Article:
Thich Tri Quang, a Buddhist monk who wielded formidable political power during the Vietnam War, leading waves of protests that brought down South Vietnamese President Ngo Dinh Diem in 1963 and later contributed to growing American ambivalence about the war, died Nov. 8 in Hue. He was 95.
His death was announced by the Tu Dam Temple in that central Vietnamese city, where he lived. The cause was not immediately available.
For about three years during a critical phase of the Vietnam War, from 1963 to 1966, Tri Quang commanded headlines as a figure of international interest if not outright intrigue. More than once, The New York Times featured him as a “Man in the News.” Clad in gray robes, he appeared on the front of Time magazine in 1966.
“Lean, well-muscled, with a sensual electricity, in every gesture and blazing eyes that can mesmerize a mob, Thich Tri Quang, 42, has long been South Viet Nam’s mysterious High Priest of Disorder,” read the cover story in Time.
“Wily and ruthless, Delphic and adept, he is the best of breed of a new kind of back room bonze,” the profile continued, using another word for Buddhist monk. “In the murky world of Oriental mysticism and Saigon’s immemorial intrigue, these robed and shaven men have emerged as the new Machiavellis of the Vietnamese political scene. Tri Quang is unquestionably their prince.”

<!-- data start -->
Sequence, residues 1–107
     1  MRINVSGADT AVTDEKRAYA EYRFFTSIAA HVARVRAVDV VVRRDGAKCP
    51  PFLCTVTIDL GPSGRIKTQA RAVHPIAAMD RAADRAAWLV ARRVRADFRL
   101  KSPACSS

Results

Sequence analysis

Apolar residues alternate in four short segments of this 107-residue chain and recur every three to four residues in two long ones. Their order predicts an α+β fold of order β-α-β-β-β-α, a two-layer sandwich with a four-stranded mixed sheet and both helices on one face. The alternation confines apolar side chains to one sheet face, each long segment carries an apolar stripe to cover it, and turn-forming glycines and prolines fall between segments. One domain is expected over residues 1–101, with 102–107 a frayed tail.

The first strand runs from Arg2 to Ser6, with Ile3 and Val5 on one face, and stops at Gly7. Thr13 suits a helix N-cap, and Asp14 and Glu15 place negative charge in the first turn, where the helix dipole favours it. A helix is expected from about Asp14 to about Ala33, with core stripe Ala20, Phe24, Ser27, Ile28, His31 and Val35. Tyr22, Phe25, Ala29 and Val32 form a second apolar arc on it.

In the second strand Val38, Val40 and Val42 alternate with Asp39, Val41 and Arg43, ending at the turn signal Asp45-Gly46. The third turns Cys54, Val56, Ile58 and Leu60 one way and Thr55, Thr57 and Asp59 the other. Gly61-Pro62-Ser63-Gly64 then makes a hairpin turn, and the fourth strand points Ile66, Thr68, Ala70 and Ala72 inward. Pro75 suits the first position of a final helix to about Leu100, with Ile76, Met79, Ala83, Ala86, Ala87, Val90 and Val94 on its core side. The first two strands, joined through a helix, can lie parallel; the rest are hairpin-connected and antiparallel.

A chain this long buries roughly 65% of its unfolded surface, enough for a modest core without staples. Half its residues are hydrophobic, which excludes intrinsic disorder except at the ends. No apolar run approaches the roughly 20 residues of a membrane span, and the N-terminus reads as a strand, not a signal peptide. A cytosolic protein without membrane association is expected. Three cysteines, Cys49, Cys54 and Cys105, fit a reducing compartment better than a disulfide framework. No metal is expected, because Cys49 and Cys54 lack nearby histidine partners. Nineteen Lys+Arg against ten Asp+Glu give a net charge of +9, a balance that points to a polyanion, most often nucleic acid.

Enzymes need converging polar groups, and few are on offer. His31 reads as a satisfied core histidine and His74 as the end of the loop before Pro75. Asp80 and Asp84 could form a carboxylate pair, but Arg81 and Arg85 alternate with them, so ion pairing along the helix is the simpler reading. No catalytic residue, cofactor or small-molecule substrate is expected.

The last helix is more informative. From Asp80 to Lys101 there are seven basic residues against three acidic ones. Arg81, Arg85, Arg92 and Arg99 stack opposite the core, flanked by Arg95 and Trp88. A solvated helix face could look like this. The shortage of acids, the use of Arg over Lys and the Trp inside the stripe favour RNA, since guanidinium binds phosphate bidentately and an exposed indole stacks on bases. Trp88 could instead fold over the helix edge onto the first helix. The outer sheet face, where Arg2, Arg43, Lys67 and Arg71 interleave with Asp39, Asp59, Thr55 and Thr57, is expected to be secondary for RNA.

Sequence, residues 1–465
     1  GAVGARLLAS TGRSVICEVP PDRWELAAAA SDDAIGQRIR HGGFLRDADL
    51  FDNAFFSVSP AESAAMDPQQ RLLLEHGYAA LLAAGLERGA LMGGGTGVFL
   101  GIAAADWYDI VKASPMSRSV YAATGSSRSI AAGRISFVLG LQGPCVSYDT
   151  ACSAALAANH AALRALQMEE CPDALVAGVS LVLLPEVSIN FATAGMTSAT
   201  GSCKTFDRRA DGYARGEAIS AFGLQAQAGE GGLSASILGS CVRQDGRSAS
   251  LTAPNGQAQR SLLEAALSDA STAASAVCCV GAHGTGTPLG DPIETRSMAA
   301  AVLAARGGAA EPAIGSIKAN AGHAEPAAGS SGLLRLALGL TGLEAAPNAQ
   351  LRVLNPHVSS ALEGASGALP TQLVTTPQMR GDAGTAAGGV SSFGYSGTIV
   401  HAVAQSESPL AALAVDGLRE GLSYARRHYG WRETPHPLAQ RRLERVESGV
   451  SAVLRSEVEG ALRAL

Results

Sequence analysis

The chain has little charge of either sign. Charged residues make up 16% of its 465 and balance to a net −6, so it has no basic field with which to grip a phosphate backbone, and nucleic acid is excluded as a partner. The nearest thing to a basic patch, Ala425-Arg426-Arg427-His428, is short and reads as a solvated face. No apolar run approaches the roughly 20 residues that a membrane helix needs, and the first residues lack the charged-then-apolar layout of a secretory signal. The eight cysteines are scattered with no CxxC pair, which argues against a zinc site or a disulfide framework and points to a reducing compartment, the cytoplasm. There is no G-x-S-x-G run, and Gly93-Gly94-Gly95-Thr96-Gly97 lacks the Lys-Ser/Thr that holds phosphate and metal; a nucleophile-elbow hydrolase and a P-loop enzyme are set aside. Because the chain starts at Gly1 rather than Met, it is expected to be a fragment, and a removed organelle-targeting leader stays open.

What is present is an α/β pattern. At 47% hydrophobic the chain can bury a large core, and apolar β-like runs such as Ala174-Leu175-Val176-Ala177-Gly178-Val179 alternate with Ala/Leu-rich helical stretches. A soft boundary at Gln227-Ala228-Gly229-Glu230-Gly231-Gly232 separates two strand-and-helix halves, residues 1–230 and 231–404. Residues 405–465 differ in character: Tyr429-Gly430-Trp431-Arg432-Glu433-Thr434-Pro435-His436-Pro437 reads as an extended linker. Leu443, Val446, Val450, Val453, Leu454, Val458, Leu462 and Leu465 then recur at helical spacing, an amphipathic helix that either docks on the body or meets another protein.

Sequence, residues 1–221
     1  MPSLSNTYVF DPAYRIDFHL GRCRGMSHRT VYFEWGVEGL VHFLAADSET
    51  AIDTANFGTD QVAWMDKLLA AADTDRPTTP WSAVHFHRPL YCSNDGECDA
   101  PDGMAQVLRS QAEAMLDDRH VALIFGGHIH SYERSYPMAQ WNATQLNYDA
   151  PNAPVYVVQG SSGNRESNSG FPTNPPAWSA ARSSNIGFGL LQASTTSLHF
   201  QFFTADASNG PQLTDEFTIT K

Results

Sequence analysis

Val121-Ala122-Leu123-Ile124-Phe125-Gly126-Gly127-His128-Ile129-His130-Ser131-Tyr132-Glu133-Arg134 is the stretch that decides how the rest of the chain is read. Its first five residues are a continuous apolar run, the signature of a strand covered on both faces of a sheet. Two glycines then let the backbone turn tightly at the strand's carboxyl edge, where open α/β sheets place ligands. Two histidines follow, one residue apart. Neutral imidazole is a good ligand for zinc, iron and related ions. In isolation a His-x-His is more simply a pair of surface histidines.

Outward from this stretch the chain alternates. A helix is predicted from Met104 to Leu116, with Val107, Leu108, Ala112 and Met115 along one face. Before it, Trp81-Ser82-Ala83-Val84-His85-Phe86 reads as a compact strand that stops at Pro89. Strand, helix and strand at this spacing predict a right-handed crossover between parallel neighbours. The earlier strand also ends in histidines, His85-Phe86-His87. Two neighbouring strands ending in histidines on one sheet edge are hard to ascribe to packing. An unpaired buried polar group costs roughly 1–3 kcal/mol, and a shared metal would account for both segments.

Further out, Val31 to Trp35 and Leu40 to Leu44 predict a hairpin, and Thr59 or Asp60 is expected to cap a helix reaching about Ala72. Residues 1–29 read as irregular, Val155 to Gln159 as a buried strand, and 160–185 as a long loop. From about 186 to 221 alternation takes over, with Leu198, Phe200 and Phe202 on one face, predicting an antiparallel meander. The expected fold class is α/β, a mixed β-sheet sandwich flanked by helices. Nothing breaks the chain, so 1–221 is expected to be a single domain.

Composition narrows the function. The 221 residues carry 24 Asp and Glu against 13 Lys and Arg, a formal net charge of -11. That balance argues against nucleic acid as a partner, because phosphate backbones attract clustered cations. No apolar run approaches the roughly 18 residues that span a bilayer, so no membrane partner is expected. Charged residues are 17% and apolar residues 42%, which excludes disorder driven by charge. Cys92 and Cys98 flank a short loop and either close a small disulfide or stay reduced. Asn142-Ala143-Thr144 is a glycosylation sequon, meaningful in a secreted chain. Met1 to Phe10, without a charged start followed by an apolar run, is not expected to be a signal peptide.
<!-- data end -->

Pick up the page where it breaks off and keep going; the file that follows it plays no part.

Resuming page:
Part of the fascination surrounding Tri Quang — Thich is a religious title, akin to “the Reverend” in English — stemmed from what to Western observers sometimes seemed the contradictory nature of his objectives. He was variously described as the great champion of Vietnam’s Buddhist majority and a radical sowing political dissent in an already tortured land. At times, he was called a communist, at other times an anti-communist.
In 1963, he was granted a haven in the U.S. Embassy in South Vietnam after escaping government raids on Buddhist pagodas. But by 1966, he charged that Vietnam was “oppressed by two pressures — the Communists and the Americans.”
“When it comes to the Vietnam War,” Edward Miller, a professor of history at Dartmouth College, said in an interview, “I think that Americans and others always tend to try to fit everything that happened …into this Cold War framework, where it’s all about communism or anti-communism. In the case of Tri Quang, I think the key to understanding him is that he was first and foremost a Buddhist and a nationalist.”
After Diem’s death, to the chagrin of U.S. officials who wished to see a more stable South Vietnam, Tri Quang mobilized his followers to help overthrow a succession of governments and their holdovers from the Diem regime.